Thursday, May 10, 2012

"Family Worship," published in 1894 by P. Anstadt & Sons

Here's a book that was produced right here in York, Pennsylvania. The gold lettering on the black cover simply states "Family Worship." But inside is one of those much-longer book titles that were common in the 19th century.1

The full title is "A Help to Family Worship, or Short Forms of Morning and Evening Prayers for Four Weeks. With Prayers for Special Occasions, Grace at Table, Children's Morning and Evening Prayers, and Morning and Evening Hymns."

(Deep breath.)

The book was compiled by the Reverend Peter Anstadt and published by his company -- P. Anstadt & Sons -- in 1894 in York.2

P. Anstadt & Sons is still around, 118 years later. It's now known as Anstadt Communications and is still based in York County. Here's a excerpted passage about the company's long history, from its "About Us" page:
In 1878, the Reverend Peter Anstadt founded The Anstadt Company and began to print and publish a Teachers’ Guide for Sunday School. (To add historical perspective, this was two years after the introduction of the telephone and the year before Thomas Edison invented a practical incandescent light.)

As the company grew, Peter’s three sons learned the printing business and, in 1903, Charles P. (representing the second generation) took over as president. Under his leadership Anstadt Printing began offering rubber stamps, stationery, and school and office supplies as well. In 1922, his son Charles B. Anstadt joined the firm.

Charles brought progressive ideas and was quick to incorporate new inventions. He purchased the company’s first offset press in 1946; with this addition the company was able to produce a wide variety of advertising and marketing pieces. ...

Today, Anstadt Communications includes a team of highly talented professionals who are passionate about generating demand.
Getting back to the book itself, the long title pretty well describes what it's all about. But here is Rev. Anstadt himself describing it in a bit more detail in the book's preface:
"These short Forms of Prayer are intended to be a help in conducting Family Worship. They are not designed to interfere with the free utterance of prayer by the heads of families in their own words. But it is well known that many pious christians are not well qualified to lead in public worship. ... In providing these forms, therefore, we venture to express the hope, that none will use them formally, slavishly, or exclusively."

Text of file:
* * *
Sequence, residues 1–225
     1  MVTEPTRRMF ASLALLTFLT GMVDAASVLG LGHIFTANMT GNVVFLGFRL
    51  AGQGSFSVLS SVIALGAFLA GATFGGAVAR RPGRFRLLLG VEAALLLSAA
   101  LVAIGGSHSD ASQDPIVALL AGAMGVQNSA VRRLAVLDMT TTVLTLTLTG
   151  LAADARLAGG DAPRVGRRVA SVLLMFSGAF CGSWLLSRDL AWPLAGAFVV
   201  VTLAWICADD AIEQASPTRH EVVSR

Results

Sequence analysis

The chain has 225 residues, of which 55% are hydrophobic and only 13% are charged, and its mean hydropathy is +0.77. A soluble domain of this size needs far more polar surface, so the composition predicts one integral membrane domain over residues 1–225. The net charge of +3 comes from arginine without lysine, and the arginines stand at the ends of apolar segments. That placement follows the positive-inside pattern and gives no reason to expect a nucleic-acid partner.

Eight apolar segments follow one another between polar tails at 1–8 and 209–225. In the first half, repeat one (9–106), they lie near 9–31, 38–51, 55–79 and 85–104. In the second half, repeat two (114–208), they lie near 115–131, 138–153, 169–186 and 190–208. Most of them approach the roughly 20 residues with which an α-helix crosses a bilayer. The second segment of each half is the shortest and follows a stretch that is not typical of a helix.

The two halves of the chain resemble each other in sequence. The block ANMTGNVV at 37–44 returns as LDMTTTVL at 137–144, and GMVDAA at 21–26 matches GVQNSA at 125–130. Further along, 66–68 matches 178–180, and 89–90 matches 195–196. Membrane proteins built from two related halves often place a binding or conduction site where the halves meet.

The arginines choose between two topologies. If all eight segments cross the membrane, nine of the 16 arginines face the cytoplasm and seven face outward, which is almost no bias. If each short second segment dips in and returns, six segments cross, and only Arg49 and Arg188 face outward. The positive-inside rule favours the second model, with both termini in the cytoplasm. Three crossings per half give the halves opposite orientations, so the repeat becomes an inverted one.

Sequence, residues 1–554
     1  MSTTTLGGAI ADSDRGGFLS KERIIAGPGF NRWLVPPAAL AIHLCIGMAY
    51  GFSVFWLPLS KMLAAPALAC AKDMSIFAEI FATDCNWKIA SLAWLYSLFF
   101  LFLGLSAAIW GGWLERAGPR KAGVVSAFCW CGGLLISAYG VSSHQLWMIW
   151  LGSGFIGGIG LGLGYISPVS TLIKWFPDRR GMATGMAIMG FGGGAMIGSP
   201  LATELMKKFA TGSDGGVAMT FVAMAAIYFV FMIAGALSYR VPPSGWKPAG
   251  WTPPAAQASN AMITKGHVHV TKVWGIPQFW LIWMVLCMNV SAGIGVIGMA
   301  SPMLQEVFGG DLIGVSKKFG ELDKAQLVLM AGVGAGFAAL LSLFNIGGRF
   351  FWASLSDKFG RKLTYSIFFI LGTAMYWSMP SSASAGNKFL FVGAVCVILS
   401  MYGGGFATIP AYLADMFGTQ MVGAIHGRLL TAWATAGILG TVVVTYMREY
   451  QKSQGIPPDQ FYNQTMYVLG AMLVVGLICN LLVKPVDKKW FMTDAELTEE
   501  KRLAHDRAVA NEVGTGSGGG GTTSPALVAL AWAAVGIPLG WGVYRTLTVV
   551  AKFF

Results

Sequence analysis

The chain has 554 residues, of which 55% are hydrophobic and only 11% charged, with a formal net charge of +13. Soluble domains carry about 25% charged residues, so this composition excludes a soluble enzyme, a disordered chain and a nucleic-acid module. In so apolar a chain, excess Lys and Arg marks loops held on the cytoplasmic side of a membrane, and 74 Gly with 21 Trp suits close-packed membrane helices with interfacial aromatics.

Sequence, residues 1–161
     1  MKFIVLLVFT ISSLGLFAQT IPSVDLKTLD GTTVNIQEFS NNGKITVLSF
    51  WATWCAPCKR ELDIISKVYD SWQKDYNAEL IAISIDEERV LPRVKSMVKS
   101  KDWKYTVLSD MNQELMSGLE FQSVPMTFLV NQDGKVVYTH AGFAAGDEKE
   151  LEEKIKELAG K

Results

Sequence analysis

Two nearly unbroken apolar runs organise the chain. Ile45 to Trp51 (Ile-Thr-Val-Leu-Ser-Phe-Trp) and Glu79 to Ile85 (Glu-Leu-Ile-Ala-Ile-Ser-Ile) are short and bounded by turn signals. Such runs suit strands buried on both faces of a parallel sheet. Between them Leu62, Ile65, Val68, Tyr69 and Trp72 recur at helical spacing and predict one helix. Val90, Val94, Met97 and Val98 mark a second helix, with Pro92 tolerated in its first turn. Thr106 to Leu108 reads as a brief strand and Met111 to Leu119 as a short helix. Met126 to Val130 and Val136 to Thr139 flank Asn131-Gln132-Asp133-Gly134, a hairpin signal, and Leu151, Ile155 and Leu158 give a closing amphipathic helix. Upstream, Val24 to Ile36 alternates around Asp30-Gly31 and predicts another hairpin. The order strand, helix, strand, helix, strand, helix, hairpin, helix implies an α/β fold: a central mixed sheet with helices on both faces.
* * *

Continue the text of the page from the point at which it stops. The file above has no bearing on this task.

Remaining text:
Here are some of the other York County connections within this 1894 book:
  • The "Remarkable Prayers" section features a prayer that Samuel Simon Schmucker3 wrote in diary in 1816, while he was principal of York County Academy.4
  • The pages at the end of the book contain advertisements for other products published by P. Anstadt & Sons, including:
    • "Practical Sermons and Addresses" by Dr. Lochman, the pastor of Christ Lutheran Church for nearly a half century (1,900 copies printed)
    • "Grace All-Sufficient," a 10-page sermon by Rev. E. Greenwald, D.D., of Lancaster, Pennsylvania
    • "The Seven Calumnies," described as "A controversy between Rev. P. Anstadt, D.D., and Father Thos. McGovern, (Roman Catholic Bishop), on Transubstantiation, Purgatory, Salvation by Works, Infallibility of the Pope, Political Intrigues, Papal Bulls and Bible Burning." (Price 10 cents)
    • "Justifying Faith," an essay read at the York County Sunday School Conference held in Jefferson, Pennsylvania, in 1884.
    • P. Anstadt & Sons also sold supplies, including Sunday School tickets (12 cents for a sheet of 154 tickets) and unfermented wine (Concord grape juice) for sacramental and medicinal purposes.

1. The February 2011 post titled "Old Dinosaur Illustration of the Day" featured the longest book title I've ever had on Papergreat.
2. The book's copyright page adds that it was "Entered according to Act of Congress, in the year 1894, by P. ANSTADT & SONS, In the office of the Librarian of Congress, at Washington."
3. For more on Schmucker, check out "Thanksgiving Day thoughts: Sermon in 1846 from son of York County resonates today" on Jim McClure's York Town Square blog.
4. York County Academy, established in 1787, is now York College.

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